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Double Weather Whammy: Extreme Heat and Strong Storms Can Mean Dangerous Driving Conditions
AAA Mid-Atlantic has driving tips to help motorists stay safe
WILMINGTON, DE (July 13, 2017) – As the fourth heat wave of the season blankets the region, AAA Mid-Atlantic is urging commuters to plan ahead, use caution and pack some patience while traveling on the roads. In addition to oppressive heat and humidity, local drivers can expect scattered showers and strong storms today and tomorrow.
Driving in the Heat
“Extreme temperatures pose a risk to motorists and their vehicles, especially if cars aren’t ready for the extreme heat,” says Ken Grant, manager of Public and Government Affairs for AAA Mid-Atlantic. “Many summertime breakdowns could be prevented with proper maintenance. That’s why it is critical to ensure your vehicle is properly prepared to meet the summer heat.”
Before hitting the road:
- Heat kills batteries. Have your battery checked to make sure it can withstand the heat.
- Keep your tires at normal pressure. Soft tires generate heat, which can lead to a blowout.
- Inspect your brakes, shocks, filters, and pump.
- Check all fluids including the coolant level in the overflow tank and top off as needed. If the engine is cool, check the level in the radiator as well. Never remove the radiator cap when the engine is hot, you can be seriously scalded.
- Have the cooling system flushed and new coolant installed as recommended by the vehicle manufacturer. Depending on the type of coolant used, this is typically necessary every two to five years.
Once on the road:
- Keep an eye on your gas, oil and engine temperature gauges.
- In heavy traffic during a heat wave, don’t tailgate the car ahead. It can stress a car’s cooling system when it sucks in hot exhaust fumes.
- Should you overheat, pull off the road, shut the engine off immediately and allow the vehicle to cool.
Driving in the Rain/During a Thunderstorm:
“Thunderstorms are a severe summer crash risk, yet motorists tend to view these storms as more of an inconvenience than a hazard,” said Grant. “As a result, drivers tend to be less cautious than they should be. Storms can cause poor visibility, intense lightening, high winds and flash flooding. The most important steps to take when driving in wet weather are to buckle up, slow down, and keep a safe distance from the car in front of you.”
- Check your wipers – Before leaving the house, make sure your windshield wipers are working properly.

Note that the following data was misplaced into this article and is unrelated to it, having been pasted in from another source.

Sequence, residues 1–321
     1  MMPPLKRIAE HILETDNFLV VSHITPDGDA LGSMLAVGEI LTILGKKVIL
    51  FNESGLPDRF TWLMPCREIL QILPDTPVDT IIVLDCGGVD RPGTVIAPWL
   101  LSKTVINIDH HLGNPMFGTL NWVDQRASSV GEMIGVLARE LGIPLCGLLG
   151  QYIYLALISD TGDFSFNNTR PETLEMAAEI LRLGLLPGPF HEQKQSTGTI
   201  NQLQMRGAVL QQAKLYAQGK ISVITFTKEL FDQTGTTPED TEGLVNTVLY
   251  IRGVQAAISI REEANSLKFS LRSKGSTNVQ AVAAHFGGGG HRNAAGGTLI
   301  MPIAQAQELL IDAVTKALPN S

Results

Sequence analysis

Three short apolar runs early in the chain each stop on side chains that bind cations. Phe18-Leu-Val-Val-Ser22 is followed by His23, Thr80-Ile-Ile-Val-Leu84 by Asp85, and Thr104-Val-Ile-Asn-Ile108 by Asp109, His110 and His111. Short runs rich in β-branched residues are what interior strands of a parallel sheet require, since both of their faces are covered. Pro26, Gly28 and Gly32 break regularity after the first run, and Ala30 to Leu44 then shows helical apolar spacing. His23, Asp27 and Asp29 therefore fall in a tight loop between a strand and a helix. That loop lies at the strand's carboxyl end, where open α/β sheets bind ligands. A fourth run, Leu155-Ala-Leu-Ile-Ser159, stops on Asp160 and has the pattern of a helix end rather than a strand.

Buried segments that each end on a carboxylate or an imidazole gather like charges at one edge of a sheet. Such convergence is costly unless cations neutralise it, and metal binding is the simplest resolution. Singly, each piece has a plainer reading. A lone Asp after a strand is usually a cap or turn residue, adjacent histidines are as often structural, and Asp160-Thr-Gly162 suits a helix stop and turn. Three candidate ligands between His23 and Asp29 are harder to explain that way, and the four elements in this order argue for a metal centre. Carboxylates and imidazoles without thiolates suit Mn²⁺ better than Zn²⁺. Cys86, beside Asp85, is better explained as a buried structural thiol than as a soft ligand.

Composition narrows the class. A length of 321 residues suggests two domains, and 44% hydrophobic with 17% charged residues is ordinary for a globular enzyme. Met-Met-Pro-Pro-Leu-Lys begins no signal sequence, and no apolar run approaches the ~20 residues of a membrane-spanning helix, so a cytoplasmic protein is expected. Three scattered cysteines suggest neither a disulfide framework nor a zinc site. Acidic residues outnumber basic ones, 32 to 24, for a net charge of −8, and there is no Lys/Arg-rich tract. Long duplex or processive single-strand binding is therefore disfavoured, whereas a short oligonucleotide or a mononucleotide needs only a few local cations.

- Slow down - Drivers are more likely to lose control of the vehicle when roads are wet.
- Increase following distance – This is even more important when driving near vans, recreational vehicles and cars pulling trailers that may be adversely affected by the wind.
- Brake early - Breaking early, but not hard, will allow the time needed to slow the car.
- Six inches - As little as six inches of water can cause you to lose control of your car and potentially stall your engine.
- Seek higher ground - If your vehicle stalls or is suddenly caught in rising water, leave it immediately.
- Never drive through standing water – TURN AROUND, DON’T DROWN – Standing water can be deceiving and motorists should avoid it. No matter how shallow it may appear, water may be hiding downed power lines, may be deeper than it appears, or have significant force from flooding, etc.
- Watch for hydroplaning - No car is immune from hydroplaning on wet surfaces, including four-wheel drive vehicles. Even if brakes work under normal conditions that doesn’t mean they will react the same on slippery roads where tires roll with less traction.
- Use your defroster - Keep the air inside your car dry and prevent windows from fogging by using your defroster along with your air conditioner.
- Take the nearest exit - If conditions worsen to the point where there is any doubt about your safety, take the nearest exit. Don’t just stop on the shoulder or under a bridge. If your visibility is compromised, other drivers may be struggling too.
- Slowing down in the rain also minimizes car repairs. Many motorists try to move fast through drivable puddles, but it’s actually better for your car if you go slowly. Driving fast can force the water to splash up into your car’s undercarriage and cause damage. Your vehicle could suffer electrical problems and other issues caused by water damage - and many of the repairs involve SUV’s because people mistakenly think they are safe to drive through standing water.
- Stay alert – Get rid of distractions, such as music and cell phones, so you can concentrate on driving.